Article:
Change is afoot at Coca-Cola. Chairman and chief executive Douglas
Ivester resigned last Sunday in a blaze of publicity, after just two
years at his post. His replacement is 56-year-old Coke veteran Douglas N
Daft, who has been appointed president and chief operating officer and
will take Ivester’s title next April. He is a man tipped to reverse the
turmoils of 1999.
Many are saying that Ivester’s iron approach is being ousted by a more
personable front, a man whose experience of difficult foreign markets
and love of people could reverse Coke’s recent fortunes.
But none can be envious of the task that awaits Daft - putting the fizz
back into Coke will be no mean feat after such a catastrophic year. If
you enjoy global domination, you must expect disaster to be global
Coke has suffered blows in different parts of the world. The Belgian
contamination crisis in June and the French government’s blocking of
Coke’s dollars 733m (pounds 452m) bid for Pernod-Ricard’s Orangina were
as damaging as a racial-discrimination writ in its home town of Atlanta,
Daft also has to contend with furious bottlers, outraged at Coke’s
decision to raise the price of its concentrate twice as much as in
Then there are the European Union and Italian and Austrian anti-trust
authorities, all keeping a watchful eye on allegations that the company
has abused its market position.The Italian authority will rule this
month - with the potential to make an dollars 80m (pounds 49m) fine.
Finally, he must confront Coke’s sinking stock price and its
As news of the management changes emerged, shares slumped 7% to dollars
59.94 in the 24 hours from Wall Street’s close last Monday.
Roy Burry, analyst at Brown Brothers Harriman in New York, said: ’He
must adjust the company’s strategies to fit the changing market and
redefine and adjust long-term volume and earning growth.’
So who is this man being tipped to bring back Coke’s all-American smile
and credible global reputation?
Well, for a start Daft is the first non-US citizen to tackle the top job
at Coke, a background that will immediately make him more appealing as a
global leader. Ivester’s famed predecessor, Roberto Goizueta, although
born in Cuba, was a US citizen by the time he became chief
Daft is Australian, and an international diplomat who has handled some
of the toughest consumer markets during his 30 years with Coke.
By contrast, he is a former maths teacher, who washes his own car at the
weekend. ’The kind of man you’d like to have as a dinner companion,’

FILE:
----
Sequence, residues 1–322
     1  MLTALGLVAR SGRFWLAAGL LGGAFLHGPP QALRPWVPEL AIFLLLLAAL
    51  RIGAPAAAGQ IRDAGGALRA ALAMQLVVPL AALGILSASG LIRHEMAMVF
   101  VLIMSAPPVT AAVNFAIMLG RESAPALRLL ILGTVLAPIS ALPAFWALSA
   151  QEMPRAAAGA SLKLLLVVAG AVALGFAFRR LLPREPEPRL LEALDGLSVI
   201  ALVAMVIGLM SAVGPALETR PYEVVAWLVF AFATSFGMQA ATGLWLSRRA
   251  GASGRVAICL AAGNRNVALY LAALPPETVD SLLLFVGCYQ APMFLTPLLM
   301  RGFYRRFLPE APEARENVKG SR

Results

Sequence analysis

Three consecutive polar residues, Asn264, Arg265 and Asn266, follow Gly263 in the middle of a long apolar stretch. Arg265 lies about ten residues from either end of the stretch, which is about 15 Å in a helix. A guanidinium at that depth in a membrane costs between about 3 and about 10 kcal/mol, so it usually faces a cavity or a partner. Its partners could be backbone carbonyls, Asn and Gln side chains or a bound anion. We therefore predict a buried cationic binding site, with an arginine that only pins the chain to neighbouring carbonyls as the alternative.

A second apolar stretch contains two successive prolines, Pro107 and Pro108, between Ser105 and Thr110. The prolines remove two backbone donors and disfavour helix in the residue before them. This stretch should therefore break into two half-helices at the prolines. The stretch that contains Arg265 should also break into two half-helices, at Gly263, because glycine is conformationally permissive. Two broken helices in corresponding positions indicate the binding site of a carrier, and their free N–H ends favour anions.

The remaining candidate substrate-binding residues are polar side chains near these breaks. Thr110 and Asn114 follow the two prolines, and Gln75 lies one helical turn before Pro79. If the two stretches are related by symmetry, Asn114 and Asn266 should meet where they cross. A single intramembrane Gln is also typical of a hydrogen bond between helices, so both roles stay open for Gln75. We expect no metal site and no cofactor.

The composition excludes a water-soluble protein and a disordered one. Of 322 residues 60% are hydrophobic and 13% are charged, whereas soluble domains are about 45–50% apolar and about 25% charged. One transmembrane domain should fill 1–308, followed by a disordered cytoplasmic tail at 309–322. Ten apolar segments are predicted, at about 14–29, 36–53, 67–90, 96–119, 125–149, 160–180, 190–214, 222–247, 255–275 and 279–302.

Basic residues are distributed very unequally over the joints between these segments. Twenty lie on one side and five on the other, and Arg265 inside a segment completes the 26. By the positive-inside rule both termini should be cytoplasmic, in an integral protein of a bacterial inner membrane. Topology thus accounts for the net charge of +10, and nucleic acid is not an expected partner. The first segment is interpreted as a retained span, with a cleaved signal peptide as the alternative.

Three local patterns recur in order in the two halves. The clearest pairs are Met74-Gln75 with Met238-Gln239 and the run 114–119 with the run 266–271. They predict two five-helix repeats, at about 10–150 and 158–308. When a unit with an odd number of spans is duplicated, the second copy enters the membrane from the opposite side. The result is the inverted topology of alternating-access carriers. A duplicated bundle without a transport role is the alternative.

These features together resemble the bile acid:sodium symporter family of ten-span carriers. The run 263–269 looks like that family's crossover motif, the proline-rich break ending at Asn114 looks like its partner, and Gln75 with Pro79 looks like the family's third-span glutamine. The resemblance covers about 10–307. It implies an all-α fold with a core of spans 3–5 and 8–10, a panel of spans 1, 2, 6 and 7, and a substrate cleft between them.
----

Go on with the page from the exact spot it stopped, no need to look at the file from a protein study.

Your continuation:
says Manny Goldman, global consumer analyst at Merrill Lynch.
Daft has a degree in mathematics from the University of New England and
a post-graduate degree in business administration from the University of
New South Wales. He has a wife, Delphine, and two adult children.
His CV is full of international ventures, with a humble beginning in
Coke’s Sydney branch. Later he went to Indonesia as assistant to the
After a year running his own business, Daft returned to Sydney as
manager of planning and special projects. He moved to Hong Kong in 1977
and a series of senior positions throughout East Asia, eventually
becoming senior vice-president of Coke’s Pacific group in 1987.
It wasn’t until 1991 that he finally reached the company’s Atlanta
headquarters to claim the role of Pacific Group president. By 1995, he
was president of the Middle and Far East group and, earlier this year,
his responsibilities were expanded to include the company’s Africa group
and Schweppes Beverage Division.
Evidently, Daft has a solid understanding of the international and
developing markets, in finance as well as people. Coke spokesman Randy
Donaldson pinpoints his international experience as one of the main
reasons why he will be so at ease heading a global corporation.
This is where Ivester was said to stumble, relying on a logical outlook,
rather than on the humanity to which Coke has attached itself. Daft will
also escape the ’global imperialist’ label that dogged his Georgia-born
Goldman says: ’Doug is a person’s person. He has dealt successfully with
a difficult market area and his experience outside the US will be a
plus.He is one of the best people to handle sticky governmental
While Daft may be more likeable, he will not be a soft touch. Donaldson
has described him as ’very tough’, and stated that although he has a
knack of putting people at their ease, he will get straight to the
Daft will bring an understanding of the pitfalls of arrogant
Americanised marketing and an ability to communicate, rather than
alienate, when there are difficulties.
But it is Aussie charm to which Daft himself has attributed his
In 1996, he was quoted in the University of New England’s alumni
magazine as saying of Australians: ’We’re clever, we’re able to get on
pretty well with everybody and we’re not seen to have hidden
He’ll need all those Aussie charms to revive Coke’s battered brand.
1977-1982 - Marketing manager, Far East; regional manager East Asia (All
1984-1991 - President of Central Pacific Division, then North Pacific
Division; then Japan
1991-1999 - President Pacific Group; then Middle and Far East, Africa
Group and Schweppes Beverages
President and chief operating officer, from April 2000 Coca-Cola